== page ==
For the first time ever, an all-white, albino panda has been photographed and it is PRECIOUS.
The panda, which is believed to be the first of its kind, was released by scientists at Wolong National Nature Reserve in Sichuan, China earlier this month.
The picture was captured in mid-April with the reserve’s motion activated cameras which show the panda cub walking through greenery. The panda is also believed to be between the ages of one and two years old according to an official statement released by the local conservation authority.
In the statement, the discovery of the panda cub reveals that “there is a ‘whitening’ mutant gene in the giant panda population in Wolong.”
Based on the photo itself, it is assumed that the panda is albino due to is white hair, white claws and red eyes.
Albinism in mammals happens when an individual inherits one or more mutated genes from both parents that interfere with the body’s production of melanin.
Melanin is the main pigment that determines the color of skin, fur, and eyes according to the National Geographic.
It should be noted however that animals with albinism are often at greater risk from predators in the wild as they can be spotted more easily and have poorer eyesight.
But albinism does not affect the body structure or physiological functions of the animal and usually has no significant effect on animal activity and reproduction.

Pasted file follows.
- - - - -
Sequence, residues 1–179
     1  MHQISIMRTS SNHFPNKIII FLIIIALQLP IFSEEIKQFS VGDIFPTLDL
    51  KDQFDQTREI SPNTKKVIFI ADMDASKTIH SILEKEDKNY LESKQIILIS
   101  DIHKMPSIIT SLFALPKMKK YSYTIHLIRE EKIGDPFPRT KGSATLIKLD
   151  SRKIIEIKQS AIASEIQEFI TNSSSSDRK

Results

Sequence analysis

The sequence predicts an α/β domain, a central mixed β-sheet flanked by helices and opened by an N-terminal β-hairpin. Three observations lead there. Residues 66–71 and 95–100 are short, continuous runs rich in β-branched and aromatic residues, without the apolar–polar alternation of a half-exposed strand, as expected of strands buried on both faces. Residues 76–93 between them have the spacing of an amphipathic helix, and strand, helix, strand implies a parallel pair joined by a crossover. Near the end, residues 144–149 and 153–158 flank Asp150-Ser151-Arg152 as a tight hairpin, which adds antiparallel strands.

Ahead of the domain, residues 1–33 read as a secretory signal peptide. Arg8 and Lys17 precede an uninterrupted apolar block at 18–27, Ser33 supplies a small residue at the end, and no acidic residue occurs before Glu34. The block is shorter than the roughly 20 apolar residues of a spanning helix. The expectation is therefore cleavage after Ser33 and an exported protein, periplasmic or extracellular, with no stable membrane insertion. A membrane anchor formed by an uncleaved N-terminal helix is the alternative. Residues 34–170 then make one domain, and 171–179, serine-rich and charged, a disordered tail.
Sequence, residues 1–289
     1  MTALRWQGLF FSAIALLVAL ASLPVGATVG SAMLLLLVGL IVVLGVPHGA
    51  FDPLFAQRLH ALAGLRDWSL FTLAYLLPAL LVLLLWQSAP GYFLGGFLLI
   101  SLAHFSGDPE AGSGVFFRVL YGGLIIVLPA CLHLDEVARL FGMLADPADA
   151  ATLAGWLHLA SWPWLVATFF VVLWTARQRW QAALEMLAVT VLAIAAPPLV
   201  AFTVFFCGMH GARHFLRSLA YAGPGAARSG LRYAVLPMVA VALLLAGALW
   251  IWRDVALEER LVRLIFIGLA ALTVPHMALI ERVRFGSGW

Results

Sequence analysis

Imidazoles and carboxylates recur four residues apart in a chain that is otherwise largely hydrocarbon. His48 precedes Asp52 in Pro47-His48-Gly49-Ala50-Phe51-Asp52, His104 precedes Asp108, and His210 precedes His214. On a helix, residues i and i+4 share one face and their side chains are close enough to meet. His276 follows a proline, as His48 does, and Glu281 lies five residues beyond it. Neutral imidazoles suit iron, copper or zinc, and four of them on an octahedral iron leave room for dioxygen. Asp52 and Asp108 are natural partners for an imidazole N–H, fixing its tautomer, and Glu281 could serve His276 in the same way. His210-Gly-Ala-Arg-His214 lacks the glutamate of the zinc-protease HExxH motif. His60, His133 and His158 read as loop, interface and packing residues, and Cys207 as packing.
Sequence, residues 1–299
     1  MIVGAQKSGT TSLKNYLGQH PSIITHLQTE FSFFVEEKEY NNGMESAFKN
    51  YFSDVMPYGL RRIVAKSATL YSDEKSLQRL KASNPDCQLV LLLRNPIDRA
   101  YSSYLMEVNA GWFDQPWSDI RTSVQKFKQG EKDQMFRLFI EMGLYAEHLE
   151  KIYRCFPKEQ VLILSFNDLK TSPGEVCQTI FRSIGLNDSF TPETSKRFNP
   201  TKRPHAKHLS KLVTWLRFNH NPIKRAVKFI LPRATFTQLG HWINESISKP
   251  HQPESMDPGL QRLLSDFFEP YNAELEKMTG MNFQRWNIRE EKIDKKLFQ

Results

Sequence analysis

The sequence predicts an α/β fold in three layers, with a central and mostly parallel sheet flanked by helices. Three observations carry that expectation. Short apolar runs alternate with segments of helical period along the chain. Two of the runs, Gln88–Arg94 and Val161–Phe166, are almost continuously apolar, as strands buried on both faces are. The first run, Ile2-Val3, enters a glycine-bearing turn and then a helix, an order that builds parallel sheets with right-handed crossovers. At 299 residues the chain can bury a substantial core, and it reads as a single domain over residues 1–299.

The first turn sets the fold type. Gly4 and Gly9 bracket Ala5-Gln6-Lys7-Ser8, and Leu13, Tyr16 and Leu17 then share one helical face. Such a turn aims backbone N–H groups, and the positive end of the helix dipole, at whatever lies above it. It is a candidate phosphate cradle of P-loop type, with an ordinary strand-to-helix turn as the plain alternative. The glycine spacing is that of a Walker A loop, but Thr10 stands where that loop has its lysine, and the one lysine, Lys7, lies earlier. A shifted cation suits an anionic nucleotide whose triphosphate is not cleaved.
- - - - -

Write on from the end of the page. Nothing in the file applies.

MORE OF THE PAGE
With the panda’s nature being “physically strong” as well as a “steady gait,” the mutation may not truly affect the life of a normal panda.
And should the cub reach maturity and mate with another wild panda in a few years, it is possible the albino gene will pass on to other generations although the nature reserve notes this will need to be observed through continuous field monitoring in the protected area.
The camera (which also snapped the animal) was set up in December of last year with the nature reserve planning to set up more cameras in the hopes of capturing the panda cub’s growth and development.
Researchers also hope to track its activity and its community relationship.
While experts understood that albinism did exist in pandas – a completely white panda had never before been captured on camera.
Scientists wondered for many years whether or not pandas were a type of bear, racoon or something else entirely.
But thanks to genetic studies, it was made obvious that pandas are in fact, all bear.
Pandas are distinguished from other types by their large size as well as black-and-white coloring. Their coloring gives them camouflage in the the wild as giant pandas are almost invisible in dense patches of bamboo.
And speaking of the stuff, giant panda’s LOVE to eat bamboo so much that they spend 12 hours a day consuming it.
According to National Geographic, that is 28 pounds of bamboo a day.
Giant pandas have a special bone that extends from their wrists called a “pseudo-thumb,” which they use to both hold and manipulate the bamboo.
Okay then it’s settled. Pandas are my new favorite animal!
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